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You can find out more about private browsing, including how to activate it, here.
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Anyone can be a victim of domestic abuse, regardless of gender, age, ethnicity, social or economic status, sexuality or background. If you feel you are at risk of abuse, or think you know someone who is, there is help and support available.
Our tenancy agreements state that you must not threaten violence or be violent towards anyone living in your home. This includes harassing or using psychological, emotional, physical or sexual abuse to make anyone who lives with you leave the property. We are here to support victims, and we will take action against perpetrators.
In an abusive relationship, one partner tries to dominate the other through physical harm, criticisms, demands, threats, or sexual pressure. This behaviour can be very dangerous, frightening, confusing and damaging for the victim.
Psychological or emotional abuse can be just as harmful as physical abuse. Abuse in a relationship is never acceptable, regardless of the circumstances, and is never the victim’s fault. Physical and sexual assault, threats and stalking are crimes, and you can report these to the police.
Domestic abuse can include, but is not limited to:
Psychological – Making you feel devalued and afraid. If you are Lesbian, Gay, Bisexual or Transgender (LGBT), threatening to ‘out’ you to your family.
Physical – Kicking, punching and restraining.
Sexual – Rape, making you do things you don’t want to do, preventing you from practising safe sex.
Economic – Taking your money and/or controlling your money.
National support servicesNational Centre for Domestic Violence (NCDV) National Domestic Abuse Helpline ManKind Initiative - support for male victims Refuge Womans Aid Respect Phoneline - for perpetrators Men's advice line Galop - support for the LGBT+ community
Questions to ask yourself
- Is your partner or another family member abusive?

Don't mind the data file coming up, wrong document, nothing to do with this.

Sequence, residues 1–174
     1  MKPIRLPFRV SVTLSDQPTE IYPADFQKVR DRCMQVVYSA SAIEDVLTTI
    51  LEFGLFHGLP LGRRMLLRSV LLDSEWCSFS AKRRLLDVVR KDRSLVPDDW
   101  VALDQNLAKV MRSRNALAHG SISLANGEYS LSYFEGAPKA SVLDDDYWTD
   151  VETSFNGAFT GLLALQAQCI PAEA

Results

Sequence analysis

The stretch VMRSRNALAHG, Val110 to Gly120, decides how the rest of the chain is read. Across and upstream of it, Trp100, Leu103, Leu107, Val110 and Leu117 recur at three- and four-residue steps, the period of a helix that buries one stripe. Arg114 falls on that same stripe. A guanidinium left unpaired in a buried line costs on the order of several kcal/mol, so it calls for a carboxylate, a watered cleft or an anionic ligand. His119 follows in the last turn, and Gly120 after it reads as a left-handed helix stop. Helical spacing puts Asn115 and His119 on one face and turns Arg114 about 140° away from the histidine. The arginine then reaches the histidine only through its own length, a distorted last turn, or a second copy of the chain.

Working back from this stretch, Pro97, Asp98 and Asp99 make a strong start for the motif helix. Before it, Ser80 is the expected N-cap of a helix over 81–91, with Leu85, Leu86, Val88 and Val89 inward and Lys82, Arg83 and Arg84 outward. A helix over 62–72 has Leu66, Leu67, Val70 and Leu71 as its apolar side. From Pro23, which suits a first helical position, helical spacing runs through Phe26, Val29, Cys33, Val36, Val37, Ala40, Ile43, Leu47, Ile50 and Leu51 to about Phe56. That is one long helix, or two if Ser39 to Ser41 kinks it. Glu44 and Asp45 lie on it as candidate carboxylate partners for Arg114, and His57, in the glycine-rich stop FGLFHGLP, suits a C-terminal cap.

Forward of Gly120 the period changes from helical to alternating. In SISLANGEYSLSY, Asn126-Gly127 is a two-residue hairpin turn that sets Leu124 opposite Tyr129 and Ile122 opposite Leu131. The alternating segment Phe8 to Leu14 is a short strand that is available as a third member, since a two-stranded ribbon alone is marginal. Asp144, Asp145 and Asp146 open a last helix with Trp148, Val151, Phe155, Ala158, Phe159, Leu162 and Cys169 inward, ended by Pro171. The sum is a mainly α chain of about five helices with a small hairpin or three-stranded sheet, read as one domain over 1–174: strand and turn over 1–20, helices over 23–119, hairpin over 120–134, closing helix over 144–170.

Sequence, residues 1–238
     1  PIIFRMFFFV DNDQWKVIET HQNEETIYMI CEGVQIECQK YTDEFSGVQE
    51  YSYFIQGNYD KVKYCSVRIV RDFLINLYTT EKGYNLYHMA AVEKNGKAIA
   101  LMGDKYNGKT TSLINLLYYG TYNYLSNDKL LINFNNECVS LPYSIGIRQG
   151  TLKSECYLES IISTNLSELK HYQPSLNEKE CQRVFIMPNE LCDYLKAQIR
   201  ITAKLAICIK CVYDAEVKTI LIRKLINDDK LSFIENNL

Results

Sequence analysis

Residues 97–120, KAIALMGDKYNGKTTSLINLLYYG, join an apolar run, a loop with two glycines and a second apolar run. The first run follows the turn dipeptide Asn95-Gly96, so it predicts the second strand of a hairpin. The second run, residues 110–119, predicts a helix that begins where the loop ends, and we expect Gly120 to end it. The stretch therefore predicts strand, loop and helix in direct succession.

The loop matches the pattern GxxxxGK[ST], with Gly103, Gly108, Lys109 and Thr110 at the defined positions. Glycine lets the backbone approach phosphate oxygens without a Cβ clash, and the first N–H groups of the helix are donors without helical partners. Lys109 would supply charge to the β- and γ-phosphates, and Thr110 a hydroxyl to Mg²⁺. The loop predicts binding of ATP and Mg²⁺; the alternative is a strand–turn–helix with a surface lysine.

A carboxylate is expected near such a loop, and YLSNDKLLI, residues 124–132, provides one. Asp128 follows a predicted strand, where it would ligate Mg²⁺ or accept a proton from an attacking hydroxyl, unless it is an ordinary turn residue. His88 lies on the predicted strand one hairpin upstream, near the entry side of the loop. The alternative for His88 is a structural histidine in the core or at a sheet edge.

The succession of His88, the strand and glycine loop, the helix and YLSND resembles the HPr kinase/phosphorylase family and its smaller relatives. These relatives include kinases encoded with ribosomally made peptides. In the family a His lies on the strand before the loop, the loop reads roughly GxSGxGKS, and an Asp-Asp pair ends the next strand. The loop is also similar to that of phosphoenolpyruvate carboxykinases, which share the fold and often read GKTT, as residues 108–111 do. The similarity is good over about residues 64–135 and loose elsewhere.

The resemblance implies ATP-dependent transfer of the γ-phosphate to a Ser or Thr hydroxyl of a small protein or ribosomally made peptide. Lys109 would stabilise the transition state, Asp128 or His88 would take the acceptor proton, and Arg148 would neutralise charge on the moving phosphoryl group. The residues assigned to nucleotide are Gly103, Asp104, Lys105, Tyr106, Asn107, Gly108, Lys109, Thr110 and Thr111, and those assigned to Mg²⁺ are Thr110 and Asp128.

- Is your partner jealous and possessive?
- Are they charming one minute and abusive the next?
- Do they tell you what to wear, where to go, who to see?
- Do they constantly put you down?
- Do they play mind games and make you doubt your judgment?
- Do they control your money?
- Do they pressure you to have sex when you don’t want to?
- Are you starting to walk on eggshells to avoid making them angry?
- Do they monitor or track your movements or messages?
- Do they use anger and intimidation to frighten and control you?
Checking if someone has an abusive past
If you are concerned that a new, former or existing partner has an abusive past, you can ask the police to check under the Domestic Violence Disclosure Scheme (also known as ‘Clare’s Law’). This is your ‘right to ask’. If records show that you may be at risk of domestic abuse, the police will consider disclosing the information. A disclosure can be made if it is legal, proportionate and necessary to do so.
If you are concerned about a friend or family member, you can apply for a disclosure on behalf of someone you know.
You can make a request to the police for information about a person’s previous violent offending in person at the police station or elsewhere, by telephone, by email, online or as part of a police investigation. Support agencies and services can also help you ask the police about this.